The court seems to have contradicted itself, rather unnecessarily, in claiming the NRO ultra vires of the constitution and yet giving Parliament, under its decision of 31 July 2009, the option to ratify the NRO. The present verdict states that “while supporting the doctrine of trichotomy of powers, as envisaged in the scheme of the Constitution and to prevent any disruption, enabled the Parliament to reconsider and, if thought fit, to enact, all the 37 Ordinances including the NRO, as Acts of Parliament. For this purpose the life of the Ordinances stood extended for another 120 days (in case of Federal Legislation) and 90 days (in case of Provincial Legislation).” The court further claims that “[t]his constituted an opportunity to the democratic Government at the Centre and in the Provinces to legitimise the acts, actions, proceedings and orders, initiated, taken or done, under those Ordinances, by placing them before the Parliament, to make them enactments of Parliament, with retrospective effect.”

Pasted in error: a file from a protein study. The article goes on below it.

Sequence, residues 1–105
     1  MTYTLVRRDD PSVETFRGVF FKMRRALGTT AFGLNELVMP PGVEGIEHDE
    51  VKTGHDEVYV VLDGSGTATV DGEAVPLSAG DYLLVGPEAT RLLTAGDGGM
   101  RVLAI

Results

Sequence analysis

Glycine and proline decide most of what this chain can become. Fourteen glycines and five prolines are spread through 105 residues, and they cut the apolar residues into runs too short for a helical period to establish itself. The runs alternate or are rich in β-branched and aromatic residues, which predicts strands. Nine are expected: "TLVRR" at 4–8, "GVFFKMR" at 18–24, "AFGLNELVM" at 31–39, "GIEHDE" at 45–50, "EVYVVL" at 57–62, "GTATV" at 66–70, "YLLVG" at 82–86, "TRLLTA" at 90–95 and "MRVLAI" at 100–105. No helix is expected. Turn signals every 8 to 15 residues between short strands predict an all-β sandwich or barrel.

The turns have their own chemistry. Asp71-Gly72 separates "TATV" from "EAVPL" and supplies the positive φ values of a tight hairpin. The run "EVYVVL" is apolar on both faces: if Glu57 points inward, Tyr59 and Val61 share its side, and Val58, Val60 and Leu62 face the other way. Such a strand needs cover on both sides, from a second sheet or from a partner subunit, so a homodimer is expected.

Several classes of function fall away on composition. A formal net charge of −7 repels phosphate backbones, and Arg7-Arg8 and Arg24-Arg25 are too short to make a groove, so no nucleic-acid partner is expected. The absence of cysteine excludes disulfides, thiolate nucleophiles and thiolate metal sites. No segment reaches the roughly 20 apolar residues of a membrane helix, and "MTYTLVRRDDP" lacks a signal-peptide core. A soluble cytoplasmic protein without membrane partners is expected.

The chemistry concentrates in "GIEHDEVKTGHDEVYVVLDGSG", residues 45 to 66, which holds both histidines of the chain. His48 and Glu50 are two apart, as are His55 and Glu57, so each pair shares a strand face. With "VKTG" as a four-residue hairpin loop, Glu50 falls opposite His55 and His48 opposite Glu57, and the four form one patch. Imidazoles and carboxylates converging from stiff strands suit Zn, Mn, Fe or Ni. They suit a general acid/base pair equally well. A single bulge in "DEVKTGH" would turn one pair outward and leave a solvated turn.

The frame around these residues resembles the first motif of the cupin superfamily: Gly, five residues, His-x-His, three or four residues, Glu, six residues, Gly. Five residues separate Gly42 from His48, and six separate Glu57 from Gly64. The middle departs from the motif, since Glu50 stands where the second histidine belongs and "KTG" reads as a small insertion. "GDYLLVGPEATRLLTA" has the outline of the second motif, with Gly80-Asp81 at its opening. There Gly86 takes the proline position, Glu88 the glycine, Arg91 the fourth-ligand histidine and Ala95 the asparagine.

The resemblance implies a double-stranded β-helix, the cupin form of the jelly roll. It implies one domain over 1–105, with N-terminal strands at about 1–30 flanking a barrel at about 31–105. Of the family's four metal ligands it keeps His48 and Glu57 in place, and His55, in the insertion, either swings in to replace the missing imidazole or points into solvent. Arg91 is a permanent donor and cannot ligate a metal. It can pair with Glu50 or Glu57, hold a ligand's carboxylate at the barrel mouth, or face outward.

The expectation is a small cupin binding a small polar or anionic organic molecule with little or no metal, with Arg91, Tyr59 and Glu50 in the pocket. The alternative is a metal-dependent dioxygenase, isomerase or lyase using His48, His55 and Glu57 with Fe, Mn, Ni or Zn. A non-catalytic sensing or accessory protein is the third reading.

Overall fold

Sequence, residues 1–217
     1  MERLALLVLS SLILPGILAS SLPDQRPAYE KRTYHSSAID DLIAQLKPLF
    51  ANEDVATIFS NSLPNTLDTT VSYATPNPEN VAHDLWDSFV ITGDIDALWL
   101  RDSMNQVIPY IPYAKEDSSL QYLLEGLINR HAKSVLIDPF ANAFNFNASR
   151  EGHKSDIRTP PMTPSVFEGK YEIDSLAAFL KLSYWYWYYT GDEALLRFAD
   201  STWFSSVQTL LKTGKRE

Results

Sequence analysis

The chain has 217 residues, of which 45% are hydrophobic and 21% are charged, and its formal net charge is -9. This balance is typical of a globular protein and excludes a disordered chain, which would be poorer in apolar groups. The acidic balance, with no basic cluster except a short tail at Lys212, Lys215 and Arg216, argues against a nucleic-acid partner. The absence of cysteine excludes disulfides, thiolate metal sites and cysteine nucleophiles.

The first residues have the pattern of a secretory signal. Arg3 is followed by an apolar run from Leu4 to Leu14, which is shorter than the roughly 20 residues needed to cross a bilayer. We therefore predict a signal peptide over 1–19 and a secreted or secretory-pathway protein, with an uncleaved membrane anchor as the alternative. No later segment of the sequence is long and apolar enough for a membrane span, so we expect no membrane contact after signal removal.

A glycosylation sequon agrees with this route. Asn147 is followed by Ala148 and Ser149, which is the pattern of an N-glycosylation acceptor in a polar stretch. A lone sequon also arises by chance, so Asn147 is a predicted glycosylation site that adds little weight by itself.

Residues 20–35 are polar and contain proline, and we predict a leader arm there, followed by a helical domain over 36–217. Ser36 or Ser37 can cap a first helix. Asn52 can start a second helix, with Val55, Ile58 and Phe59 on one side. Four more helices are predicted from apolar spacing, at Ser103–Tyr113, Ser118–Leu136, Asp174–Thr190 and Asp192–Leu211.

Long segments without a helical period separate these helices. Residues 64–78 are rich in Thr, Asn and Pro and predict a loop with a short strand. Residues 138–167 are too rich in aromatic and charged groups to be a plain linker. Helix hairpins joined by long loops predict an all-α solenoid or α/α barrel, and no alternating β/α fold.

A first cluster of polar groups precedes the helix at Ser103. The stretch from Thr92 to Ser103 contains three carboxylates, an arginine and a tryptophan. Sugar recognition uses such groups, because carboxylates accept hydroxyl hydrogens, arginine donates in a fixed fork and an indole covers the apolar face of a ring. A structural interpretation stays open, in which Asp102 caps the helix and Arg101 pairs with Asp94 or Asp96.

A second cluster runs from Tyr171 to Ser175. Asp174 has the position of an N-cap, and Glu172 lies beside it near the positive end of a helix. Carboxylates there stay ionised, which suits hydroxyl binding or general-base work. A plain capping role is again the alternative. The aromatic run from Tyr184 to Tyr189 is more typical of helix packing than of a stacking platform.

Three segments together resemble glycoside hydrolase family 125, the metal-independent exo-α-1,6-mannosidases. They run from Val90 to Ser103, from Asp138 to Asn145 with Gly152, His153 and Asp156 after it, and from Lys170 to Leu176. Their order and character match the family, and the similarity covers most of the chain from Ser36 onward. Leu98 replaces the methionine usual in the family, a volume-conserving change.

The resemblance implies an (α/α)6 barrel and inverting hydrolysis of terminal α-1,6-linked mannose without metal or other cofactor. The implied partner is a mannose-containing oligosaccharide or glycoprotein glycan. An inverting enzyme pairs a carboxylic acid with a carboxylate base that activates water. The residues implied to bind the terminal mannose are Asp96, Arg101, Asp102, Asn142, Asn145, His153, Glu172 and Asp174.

The question has to be asked: Had Parliament utilised the opportunity given it by the SC and ratified the NRO, was the court going to form a different view as to its legality? Why give the legislature the opportunity if the ‘legislative judgment’ objection was to stand? Or was it unacceptable for the executive – that is, the President – to pass a legislative judgment and not for Parliament? Is it the principle that is being upheld, or is it just the method that is being objected to?

Would the court have accepted the ‘Reconciliatory’ aspect of the NRO had it been an act of Parliament? The court would have had to consider it ‘reconciliation’ substantially  at par with the one achieved by the 1973 Parliament, to justify allowing a duly ratified NRO to override several articles of the 1973 Constitution that the court finds it in conflict with.